We use ours so when we load them on a pickup to take them to the pickup
site, a person on the ground can assist a person in the bed of the truck to
get them up and down. I have also heard it is a high speed wobble
Every since we switched to the hauler-provided garbage cans, the
"racoon dumping the trash problem" has been completey eliminated.
There are (at least) 4 additional advantages:
1 - I only have one can to roll to the street, instead of 2 plus
sometimes a bag.
2 - I don't have to worry about how much weight I put in it - (there's
some kind of weight limit for any other type of container)
3 - My smaller wheeled containers are always available for leaves and
other yard debris that I can "recycle" in the woods across the street
from my house.
4 - If it breaks, they'll give me a new one for free.
on 1/5/2008 10:09 AM Way Back Jack said the following:
Don't know where that aluminum bar is on your can, but on my large
wheeled trash can, there is a plastic bar across the top front that is
the pull handle. My trash can is supplied by the trash company, and it
is picked up with those new 1 man automated trucks with the arm that
comes out and picks up the can and dumps it into the truck.
Some cans with the bar are shown at this site. The truck hooks the
bar and tilts/dumps the contents into the truck.
I'm guessing that your can is like the one the truck is lifting at
this site, which wouldn't require a bar.
In some areas like mine the trucks and auto empty the cans and the truck
uses it to pick it up and dump it. I notice that they usually dump mine
manually, but when it is extra heavy they use the truck automated dumper.
It should save a few back injuries.
BTW I find that the raccoons and skunks don't seem to be able to get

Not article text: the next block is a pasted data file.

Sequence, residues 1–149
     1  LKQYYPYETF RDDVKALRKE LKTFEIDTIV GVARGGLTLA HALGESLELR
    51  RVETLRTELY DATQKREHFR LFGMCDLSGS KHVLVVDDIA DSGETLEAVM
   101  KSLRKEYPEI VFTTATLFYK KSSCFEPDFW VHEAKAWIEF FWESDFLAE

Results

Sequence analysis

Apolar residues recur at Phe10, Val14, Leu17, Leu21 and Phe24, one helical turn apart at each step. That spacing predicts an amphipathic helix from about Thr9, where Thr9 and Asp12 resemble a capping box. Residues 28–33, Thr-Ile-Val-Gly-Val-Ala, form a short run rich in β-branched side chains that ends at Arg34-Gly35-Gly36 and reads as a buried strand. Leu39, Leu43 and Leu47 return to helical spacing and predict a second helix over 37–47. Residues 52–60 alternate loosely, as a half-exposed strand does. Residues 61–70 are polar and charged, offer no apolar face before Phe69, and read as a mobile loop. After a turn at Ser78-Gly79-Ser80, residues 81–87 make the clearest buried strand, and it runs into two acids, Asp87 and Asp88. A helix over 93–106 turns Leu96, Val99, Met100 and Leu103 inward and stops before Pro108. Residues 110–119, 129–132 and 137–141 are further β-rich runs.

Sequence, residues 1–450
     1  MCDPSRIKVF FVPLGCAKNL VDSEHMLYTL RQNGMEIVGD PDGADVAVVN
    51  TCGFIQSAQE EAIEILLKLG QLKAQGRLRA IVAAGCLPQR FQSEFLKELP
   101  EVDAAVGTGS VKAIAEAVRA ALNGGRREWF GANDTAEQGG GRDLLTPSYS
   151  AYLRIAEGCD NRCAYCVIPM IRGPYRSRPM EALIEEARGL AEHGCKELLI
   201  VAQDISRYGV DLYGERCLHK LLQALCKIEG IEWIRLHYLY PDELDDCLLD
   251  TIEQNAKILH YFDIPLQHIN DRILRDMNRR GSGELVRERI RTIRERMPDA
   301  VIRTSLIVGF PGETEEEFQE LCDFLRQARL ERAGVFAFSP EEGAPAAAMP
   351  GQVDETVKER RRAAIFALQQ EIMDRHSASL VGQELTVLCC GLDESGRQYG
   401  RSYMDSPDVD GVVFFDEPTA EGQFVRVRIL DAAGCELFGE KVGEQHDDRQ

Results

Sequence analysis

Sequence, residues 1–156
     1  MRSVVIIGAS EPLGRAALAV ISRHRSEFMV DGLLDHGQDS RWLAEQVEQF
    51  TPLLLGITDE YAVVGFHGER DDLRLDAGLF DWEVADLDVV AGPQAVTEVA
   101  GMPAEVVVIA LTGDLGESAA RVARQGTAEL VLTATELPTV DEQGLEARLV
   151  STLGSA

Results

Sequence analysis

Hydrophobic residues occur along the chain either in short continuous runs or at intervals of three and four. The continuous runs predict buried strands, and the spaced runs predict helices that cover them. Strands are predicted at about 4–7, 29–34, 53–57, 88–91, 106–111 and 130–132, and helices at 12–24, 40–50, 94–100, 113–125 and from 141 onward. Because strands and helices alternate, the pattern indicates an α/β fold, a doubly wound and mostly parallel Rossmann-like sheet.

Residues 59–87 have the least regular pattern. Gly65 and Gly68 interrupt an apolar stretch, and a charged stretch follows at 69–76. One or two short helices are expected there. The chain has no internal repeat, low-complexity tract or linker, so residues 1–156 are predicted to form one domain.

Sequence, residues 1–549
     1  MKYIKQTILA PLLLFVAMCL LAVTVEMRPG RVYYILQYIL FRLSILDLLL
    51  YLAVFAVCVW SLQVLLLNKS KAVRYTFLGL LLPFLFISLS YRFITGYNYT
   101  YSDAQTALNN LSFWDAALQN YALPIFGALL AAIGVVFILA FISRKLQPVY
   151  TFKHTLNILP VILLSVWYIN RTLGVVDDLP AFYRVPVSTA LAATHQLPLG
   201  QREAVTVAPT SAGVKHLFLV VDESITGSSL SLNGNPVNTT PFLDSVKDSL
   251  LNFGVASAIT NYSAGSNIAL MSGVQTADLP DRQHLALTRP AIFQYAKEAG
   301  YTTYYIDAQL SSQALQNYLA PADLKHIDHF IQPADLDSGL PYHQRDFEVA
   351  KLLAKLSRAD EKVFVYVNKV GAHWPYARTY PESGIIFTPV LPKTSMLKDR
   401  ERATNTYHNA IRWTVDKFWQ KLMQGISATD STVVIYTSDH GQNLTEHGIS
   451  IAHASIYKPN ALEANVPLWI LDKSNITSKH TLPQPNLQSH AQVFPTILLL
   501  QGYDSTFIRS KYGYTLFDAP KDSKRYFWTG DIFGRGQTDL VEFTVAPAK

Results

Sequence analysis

into the can I have now.
It is part of the cart components that "mate" with the hydraulic "shoe" found
centered and just below the bottom edge of rear-loading compactor trucks.
Following is a photo of a truck with TWO "shoes".
The employee maneuvers the cart from the curb and aligns it with the "shoe"
whereupon he activates a lever. The shoe attaches to the cart (using the
metallic bar about which you inquired), raises the cart and partially inverts
it, dumping its contents into the compactor bay, then returns the cart to the
ground, releasing the cart from the "shoe". I was unable to find any images
on Google showing this process but it is widespread and very common where
carts are used.
The one-man, fully-automated trucks are encroaching on this process. That
does NOT involve the metal bar. In fact, the main body of carts designed
specifically for such automation are perfectly cylindrical - without the metal
In the more automated, one-man system, an articulated arm extends from the
truck, encircles the cart with a strap or two, the cart is lifted entirely
from the ground, dumped into a SIDE-loading bay of the compactor truck, then
returned to its "original" place on the ground. This is ostensibly done
without the operator/driver leaving the cab of the vehicle.
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